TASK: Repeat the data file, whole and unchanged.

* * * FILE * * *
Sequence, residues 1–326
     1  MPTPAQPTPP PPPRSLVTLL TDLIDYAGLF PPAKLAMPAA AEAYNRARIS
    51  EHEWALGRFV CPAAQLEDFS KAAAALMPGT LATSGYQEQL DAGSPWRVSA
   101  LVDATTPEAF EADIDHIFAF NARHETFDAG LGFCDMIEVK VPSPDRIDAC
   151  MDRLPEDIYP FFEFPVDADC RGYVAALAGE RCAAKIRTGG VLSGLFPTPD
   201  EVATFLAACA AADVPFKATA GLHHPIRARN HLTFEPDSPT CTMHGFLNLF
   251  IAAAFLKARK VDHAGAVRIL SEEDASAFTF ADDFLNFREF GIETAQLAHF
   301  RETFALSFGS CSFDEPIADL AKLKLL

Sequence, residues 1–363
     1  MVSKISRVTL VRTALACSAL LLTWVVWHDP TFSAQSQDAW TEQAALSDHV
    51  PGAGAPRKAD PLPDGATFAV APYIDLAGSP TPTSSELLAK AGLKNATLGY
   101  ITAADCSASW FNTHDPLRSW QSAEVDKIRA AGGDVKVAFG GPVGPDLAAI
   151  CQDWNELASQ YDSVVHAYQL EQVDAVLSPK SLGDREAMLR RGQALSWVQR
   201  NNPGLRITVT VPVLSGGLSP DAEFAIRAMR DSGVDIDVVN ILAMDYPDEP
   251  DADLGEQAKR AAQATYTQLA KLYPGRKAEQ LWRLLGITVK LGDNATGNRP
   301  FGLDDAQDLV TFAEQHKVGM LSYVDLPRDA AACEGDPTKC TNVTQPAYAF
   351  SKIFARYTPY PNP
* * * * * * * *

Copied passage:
Sequence, residues 1–326
     1  MPTPAQPTPP PPPRSLVTLL TDLIDYAGLF PPAKLAMPAA AEAYNRARIS
    51  EHEWALGRFV CPAAQLEDFS KAAAALMPGT LATSGYQEQL DAGSPWRVSA
   101  LVDATTPEAF EADIDHIFAF NARHETFDAG LGFCDMIEVK VPSPDRIDAC
   151  MDRLPEDIYP FFEFPVDADC RGYVAALAGE RCAAKIRTGG VLSGLFPTPD
   201  EVATFLAACA AADVPFKATA GLHHPIRARN HLTFEPDSPT CTMHGFLNLF
   251  IAAAFLKARK VDHAGAVRIL SEEDASAFTF ADDFLNFREF GIETAQLAHF
   301  RETFALSFGS CSFDEPIADL AKLKLL

Sequence, residues 1–363
     1  MVSKISRVTL VRTALACSAL LLTWVVWHDP TFSAQSQDAW TEQAALSDHV
    51  PGAGAPRKAD PLPDGATFAV APYIDLAGSP TPTSSELLAK AGLKNATLGY
   101  ITAADCSASW FNTHDPLRSW QSAEVDKIRA AGGDVKVAFG GPVGPDLAAI
   151  CQDWNELASQ YDSVVHAYQL EQVDAVLSPK SLGDREAMLR RGQALSWVQR
   201  NNPGLRITVT VPVLSGGLSP DAEFAIRAMR DSGVDIDVVN ILAMDYPDEP
   251  DADLGEQAKR AAQATYTQLA KLYPGRKAEQ LWRLLGITVK LGDNATGNRP
   301  FGLDDAQDLV TFAEQHKVGM LSYVDLPRDA AACEGDPTKC TNVTQPAYAF
   351  SKIFARYTPY PNP